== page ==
SR: Facilitation begins the moment the first attendee enters the meeting and lasts until the last person leaves. You are as much the host as you are the meeting leader. Set the tone by greeting people as they arrive or even playing music. Basically, help attendees make separation from what they were doing before the meeting to the meeting itself. During the meeting, ask questions, engage others, and model active listening. Remember that yours is not the only voice in the room.

In addition to making meetings nicer to attend, these practices can prevent the negative impact a bad meeting experience can have on both long-term employee happiness and short-term productivity. For example, one recent study found that the effects of a bad meeting can linger postmeeting in the form of attendees grousing and complaining instead of focusing on work—a phenomenon called meeting recovery syndrome.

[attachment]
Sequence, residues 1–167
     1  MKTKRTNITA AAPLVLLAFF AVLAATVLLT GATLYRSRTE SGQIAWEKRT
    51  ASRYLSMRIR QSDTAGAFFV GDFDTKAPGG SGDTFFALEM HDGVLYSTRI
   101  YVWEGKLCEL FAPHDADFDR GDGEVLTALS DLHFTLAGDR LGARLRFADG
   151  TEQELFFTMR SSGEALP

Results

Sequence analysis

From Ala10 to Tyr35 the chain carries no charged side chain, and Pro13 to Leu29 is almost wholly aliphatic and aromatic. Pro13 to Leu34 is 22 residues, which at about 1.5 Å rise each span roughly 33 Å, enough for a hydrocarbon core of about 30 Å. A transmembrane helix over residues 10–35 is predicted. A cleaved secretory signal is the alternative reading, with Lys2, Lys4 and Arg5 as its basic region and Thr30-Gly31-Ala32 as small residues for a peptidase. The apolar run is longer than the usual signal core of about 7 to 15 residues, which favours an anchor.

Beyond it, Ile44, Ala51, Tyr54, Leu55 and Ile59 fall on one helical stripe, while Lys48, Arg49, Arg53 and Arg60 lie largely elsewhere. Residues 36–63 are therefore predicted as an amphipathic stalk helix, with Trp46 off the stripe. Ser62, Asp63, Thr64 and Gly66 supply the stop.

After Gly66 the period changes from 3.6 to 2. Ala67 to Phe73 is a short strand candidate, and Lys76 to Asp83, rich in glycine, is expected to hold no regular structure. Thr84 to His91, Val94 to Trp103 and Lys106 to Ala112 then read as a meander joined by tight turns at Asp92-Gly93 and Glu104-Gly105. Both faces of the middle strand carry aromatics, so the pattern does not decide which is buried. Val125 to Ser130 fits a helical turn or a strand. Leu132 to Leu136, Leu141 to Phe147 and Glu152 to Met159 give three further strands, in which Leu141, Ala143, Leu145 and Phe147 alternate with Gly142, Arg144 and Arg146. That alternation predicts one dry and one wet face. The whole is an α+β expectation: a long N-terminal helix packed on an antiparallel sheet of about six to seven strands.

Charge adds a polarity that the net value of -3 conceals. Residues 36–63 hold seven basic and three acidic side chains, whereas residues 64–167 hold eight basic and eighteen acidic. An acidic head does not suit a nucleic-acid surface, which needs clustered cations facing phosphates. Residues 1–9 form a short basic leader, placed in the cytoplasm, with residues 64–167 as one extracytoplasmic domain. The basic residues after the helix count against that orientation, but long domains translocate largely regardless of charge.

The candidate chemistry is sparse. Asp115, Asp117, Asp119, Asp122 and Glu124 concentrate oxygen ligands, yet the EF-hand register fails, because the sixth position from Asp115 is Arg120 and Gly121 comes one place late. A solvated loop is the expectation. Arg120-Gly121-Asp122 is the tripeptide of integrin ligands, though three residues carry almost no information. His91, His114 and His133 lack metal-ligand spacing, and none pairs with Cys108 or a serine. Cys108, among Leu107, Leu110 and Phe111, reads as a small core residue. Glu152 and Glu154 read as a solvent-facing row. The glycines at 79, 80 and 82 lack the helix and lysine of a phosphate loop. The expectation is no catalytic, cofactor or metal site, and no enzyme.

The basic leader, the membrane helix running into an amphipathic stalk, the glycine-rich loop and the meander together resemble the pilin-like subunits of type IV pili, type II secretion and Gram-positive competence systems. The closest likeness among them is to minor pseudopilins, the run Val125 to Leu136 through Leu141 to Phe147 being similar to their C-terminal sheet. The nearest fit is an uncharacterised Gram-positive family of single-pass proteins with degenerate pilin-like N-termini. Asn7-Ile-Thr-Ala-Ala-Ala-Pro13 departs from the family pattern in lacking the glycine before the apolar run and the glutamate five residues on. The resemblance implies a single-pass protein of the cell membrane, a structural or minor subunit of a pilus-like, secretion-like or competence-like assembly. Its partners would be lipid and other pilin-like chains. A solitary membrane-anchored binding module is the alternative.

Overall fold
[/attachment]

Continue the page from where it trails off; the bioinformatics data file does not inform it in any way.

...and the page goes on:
Q: You make it clear in the book that end-meeting practices are also important for morale. Why is this so important, and what do you mean by “ending a meeting well”?

SR: First, meetings really must end on time or earlier than expected. Not ending on time causes significant stress to attendees who may have other obligations after the meeting, and it shows a lack of respect for the time of others. If a meeting goes long, it implies that the meeting leader does not value the team’s time, which may undermine the leader’s authority or the employees’ goodwill.

Furthermore, it’s not just important to end a meeting on time; you also must end it well. Especially for virtual meetings, make sure that the notes have clear action items assigned to directly responsible individuals with a clear time frame for next steps.